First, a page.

<center>こんにちは、私の名前はミシェルです！Kon'nichiwa, watashinonamaeha Misherudesu!
|Think about it. When you eat a piece of meat, you literally eat a corpse, a dead animal. I’m not saying this to “disgust” you or to convince you of anything, just calling things with their names. We have been using the word “meat” long enough to make us forget it is a dead animal. This animal was alive before, and it was raised, and killed, not in awesome ways. --Laura Marie |
Now, when I eat, honestly, I am so much happier to tell myself that this meal didn’t cause any murder, does not contain any blood, cruelty, and that nobody is dead for my palate. It is honestly one of the best feelings in the world. --Laura Marie
|“||I personally could talk about birds for hours and never get tired.||”|
—A quote borrowed from a friend
This is a continuation from my previous post, since the previous one got a bit long.
This post follow Tif Checklist:
- PALEOGNATHS and ANSERIFORMES Ratites, Tinamous, and Waterfowl,
- GALLIFORMES Landfowl,
- METAVES I: Columbimorphae, Eurypygimorphae,
- METAVES II: Cypselomorphae Steatornithiformes, Nyctibiiformes, Podargiformes, Caprimulgiformes
- METAVES III Apodiformes,
- PELECANAE I Musophagiformes, Gruiformes, Otidiiformes, Cuculiformes,
- PELECANAE II Musophagiformes and Pelecanimorphae,
(nee-OH-ay-veez)  - more modern birds, such as crows, woodpeckers, thrushes, parrots.
Example: Banded broadbill.
Metaves contains about 10% of the avian tree: 905 extant species in 207 genera and 17 families. Many of the Metavian families have long puzzled ornithologists. They just didn't seem to fit comfortably anywhere on the avian taxonomic tree. One of the attractions of the Metaves hypothesis is that it packages together so many troublesome taxa. The Metaves hypothesis remains controverisal and is a current topic of research .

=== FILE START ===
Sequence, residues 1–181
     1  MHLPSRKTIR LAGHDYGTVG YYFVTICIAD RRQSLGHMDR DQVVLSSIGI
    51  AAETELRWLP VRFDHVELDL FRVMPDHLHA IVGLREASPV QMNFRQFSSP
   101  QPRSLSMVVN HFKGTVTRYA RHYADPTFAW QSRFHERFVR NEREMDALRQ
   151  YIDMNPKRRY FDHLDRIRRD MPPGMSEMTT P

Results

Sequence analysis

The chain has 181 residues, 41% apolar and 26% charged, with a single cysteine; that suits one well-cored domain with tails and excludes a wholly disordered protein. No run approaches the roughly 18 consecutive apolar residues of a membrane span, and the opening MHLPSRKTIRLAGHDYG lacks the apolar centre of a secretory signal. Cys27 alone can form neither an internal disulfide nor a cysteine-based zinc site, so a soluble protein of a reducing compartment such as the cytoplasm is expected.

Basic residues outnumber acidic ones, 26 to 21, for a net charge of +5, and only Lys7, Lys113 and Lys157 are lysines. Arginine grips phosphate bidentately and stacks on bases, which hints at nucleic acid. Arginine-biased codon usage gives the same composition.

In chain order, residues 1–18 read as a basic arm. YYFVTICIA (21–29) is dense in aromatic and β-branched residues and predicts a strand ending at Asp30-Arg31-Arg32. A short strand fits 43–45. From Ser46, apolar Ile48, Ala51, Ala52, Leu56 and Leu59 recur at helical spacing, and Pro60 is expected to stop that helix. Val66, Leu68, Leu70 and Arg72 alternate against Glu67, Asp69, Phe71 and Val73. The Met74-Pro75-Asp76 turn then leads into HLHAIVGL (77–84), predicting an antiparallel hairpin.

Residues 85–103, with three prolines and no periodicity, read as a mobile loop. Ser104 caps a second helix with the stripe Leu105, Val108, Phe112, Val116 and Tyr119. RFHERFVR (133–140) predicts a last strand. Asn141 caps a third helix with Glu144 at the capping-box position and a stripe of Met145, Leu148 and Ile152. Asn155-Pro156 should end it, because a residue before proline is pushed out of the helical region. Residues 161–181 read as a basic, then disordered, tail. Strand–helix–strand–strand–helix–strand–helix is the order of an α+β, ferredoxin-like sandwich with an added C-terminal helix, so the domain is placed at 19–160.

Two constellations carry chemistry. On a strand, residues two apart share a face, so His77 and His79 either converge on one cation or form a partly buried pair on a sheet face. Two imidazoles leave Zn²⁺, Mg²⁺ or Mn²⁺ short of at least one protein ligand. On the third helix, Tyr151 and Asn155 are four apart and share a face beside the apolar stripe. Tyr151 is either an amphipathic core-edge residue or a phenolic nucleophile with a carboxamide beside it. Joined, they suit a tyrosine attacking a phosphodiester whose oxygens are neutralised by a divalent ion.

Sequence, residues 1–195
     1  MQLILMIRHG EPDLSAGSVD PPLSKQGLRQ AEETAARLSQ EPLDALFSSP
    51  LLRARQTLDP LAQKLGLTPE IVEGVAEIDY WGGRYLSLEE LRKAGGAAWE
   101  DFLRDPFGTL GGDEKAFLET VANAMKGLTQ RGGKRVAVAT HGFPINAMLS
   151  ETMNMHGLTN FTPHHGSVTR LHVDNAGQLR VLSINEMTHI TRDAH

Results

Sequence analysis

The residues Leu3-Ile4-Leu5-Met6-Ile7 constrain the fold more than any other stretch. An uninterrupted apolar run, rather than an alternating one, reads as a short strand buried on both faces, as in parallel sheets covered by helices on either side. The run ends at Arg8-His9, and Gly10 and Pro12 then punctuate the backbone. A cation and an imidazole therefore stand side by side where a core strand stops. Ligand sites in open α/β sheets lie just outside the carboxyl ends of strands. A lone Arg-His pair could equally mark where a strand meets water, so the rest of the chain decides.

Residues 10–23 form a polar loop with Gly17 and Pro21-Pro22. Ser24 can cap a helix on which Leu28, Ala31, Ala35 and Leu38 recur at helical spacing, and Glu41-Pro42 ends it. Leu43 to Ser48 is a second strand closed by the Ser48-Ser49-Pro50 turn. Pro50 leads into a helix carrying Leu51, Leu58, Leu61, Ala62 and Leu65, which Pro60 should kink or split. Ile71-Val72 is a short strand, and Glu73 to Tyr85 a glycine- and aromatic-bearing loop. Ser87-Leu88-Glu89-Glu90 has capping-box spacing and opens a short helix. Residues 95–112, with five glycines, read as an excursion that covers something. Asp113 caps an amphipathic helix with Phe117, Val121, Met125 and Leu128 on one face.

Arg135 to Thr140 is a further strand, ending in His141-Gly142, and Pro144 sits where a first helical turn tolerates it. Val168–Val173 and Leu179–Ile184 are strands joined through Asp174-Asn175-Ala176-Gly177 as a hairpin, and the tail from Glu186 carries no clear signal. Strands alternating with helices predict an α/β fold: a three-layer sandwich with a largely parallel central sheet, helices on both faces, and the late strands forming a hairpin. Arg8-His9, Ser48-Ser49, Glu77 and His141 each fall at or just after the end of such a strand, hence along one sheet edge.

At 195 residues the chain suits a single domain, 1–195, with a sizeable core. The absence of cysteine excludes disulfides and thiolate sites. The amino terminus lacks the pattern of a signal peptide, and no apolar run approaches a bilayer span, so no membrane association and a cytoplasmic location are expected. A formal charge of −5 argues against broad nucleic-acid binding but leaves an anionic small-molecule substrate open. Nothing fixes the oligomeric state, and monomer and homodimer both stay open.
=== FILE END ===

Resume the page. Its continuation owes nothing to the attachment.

The smallest of the two groups in Metaves .
The flamingos and grebes.
As the title says, the flamingos.
Example: Greater flamingo.
Example: Western grebe.
The Tropicbirds are usually considered close to a variety of seabirds, but in an uncertain location (different studies give different results). Recently, they have become more controversial. Fain and Houde (2004) , Ericson et al. (2006a), and Hackett et al. (2008)  placed them in Metaves while a recent paper by Morgan-Richards et al. (2008) found them somewhat related to the hawks .
Example: Red-tailed tropicbird.
Example: Chestnut-bellied sandgrouse.
Small birds only found in Madagascar. Affinities uncertain. Sometimes put in Gruiformes .
Example: Subdesert mesite.
Doves, Pigeons: Columbiformes
The pigeons and doves.
Example: Rock pigeon.
Sunbittern, Kagu: Eurypygiformes
Hummingbirds and their allies.
Only includes the oilbird.
Only includes the potoos, strange-looking South American birds. Only one person seems to recognise this order.
Example: Common potoo.
Only includes the frogmouths.
Example: Tawny frogmouth.
The nightjars and their allies.
Example: Standard-winged nightjar.
Swifts, Hummingbirds: Apodiformes
The swifts and hummingbirds, including the owlet-nightjars.
Example: Purple-throated carib.